The American argument that we must eliminate all WMD has lost all it’s credibility. It’s now abundantly clear that this was not the original intent behind attacking Iraq. It most definitely was oil.

The concern for global peace & security shown by the US leaders is hardly sincere. If that was the case they would not support Pakistan & Saudi Arabia. These two countries are the two largest financers, suppliers & trainers of terrorists in the world.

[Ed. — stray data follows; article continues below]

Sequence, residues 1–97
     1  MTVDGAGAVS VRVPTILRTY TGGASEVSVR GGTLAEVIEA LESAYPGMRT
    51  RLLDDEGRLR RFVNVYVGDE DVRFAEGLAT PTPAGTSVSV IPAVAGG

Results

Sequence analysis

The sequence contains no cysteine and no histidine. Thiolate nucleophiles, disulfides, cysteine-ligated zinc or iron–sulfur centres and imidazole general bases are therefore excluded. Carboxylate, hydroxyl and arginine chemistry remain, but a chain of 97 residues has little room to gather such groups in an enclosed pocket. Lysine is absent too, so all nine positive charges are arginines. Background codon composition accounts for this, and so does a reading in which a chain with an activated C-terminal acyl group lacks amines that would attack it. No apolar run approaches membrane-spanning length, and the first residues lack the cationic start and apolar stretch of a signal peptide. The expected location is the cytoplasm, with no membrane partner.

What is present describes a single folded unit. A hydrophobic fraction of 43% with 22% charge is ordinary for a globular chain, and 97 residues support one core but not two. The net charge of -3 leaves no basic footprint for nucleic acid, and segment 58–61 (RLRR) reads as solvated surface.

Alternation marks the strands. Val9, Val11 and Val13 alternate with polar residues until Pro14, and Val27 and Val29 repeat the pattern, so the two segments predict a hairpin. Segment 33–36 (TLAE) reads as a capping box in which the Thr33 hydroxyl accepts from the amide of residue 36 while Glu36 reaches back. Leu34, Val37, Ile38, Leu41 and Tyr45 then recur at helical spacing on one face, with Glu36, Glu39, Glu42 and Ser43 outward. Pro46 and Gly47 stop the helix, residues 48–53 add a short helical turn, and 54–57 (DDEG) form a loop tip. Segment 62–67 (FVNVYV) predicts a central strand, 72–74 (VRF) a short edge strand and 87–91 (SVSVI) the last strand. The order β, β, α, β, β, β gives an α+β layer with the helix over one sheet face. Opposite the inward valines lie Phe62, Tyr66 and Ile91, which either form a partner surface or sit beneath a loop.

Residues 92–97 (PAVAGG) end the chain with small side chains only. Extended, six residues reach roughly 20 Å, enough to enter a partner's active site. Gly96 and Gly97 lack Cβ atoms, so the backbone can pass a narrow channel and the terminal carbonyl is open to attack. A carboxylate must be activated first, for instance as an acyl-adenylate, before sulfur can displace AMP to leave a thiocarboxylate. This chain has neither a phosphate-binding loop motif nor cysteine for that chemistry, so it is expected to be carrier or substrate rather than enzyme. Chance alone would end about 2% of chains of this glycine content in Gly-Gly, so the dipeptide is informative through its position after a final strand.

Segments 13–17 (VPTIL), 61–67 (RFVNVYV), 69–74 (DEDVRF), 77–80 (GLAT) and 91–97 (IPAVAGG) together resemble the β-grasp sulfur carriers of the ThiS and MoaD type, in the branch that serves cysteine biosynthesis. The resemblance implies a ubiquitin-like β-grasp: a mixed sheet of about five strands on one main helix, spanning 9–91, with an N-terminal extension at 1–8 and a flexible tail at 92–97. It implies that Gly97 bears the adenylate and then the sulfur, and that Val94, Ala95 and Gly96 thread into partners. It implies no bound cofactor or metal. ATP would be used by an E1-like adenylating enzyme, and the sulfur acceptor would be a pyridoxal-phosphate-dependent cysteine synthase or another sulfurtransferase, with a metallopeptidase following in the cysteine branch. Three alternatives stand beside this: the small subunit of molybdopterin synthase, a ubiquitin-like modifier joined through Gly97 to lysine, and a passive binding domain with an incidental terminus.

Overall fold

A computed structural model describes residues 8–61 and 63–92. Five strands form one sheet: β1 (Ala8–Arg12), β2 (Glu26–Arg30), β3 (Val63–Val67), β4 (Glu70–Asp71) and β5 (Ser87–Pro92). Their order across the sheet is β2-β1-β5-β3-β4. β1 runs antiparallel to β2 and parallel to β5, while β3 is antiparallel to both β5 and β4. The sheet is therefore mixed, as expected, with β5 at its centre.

The US consumes 1/4th of the world’s oil. It has only about 2% of reserves of what it really needs. That’s just not enough to support they domestic oil demand. The American & indeed the world economy are heavily dependent on oil. Almost every single thing in the modern world is made possible by oil. Today’s urban lifestyle is all oil driven. An overwhelming 98% of the world’s vehicles run on oil, not to forget a lot of industries as well. And at the same time, the world oil reserves have been depleting fast. Since the late sixties, there have hardly been any new discoveries of substantial oil fields. And the existing ones are drying up fast.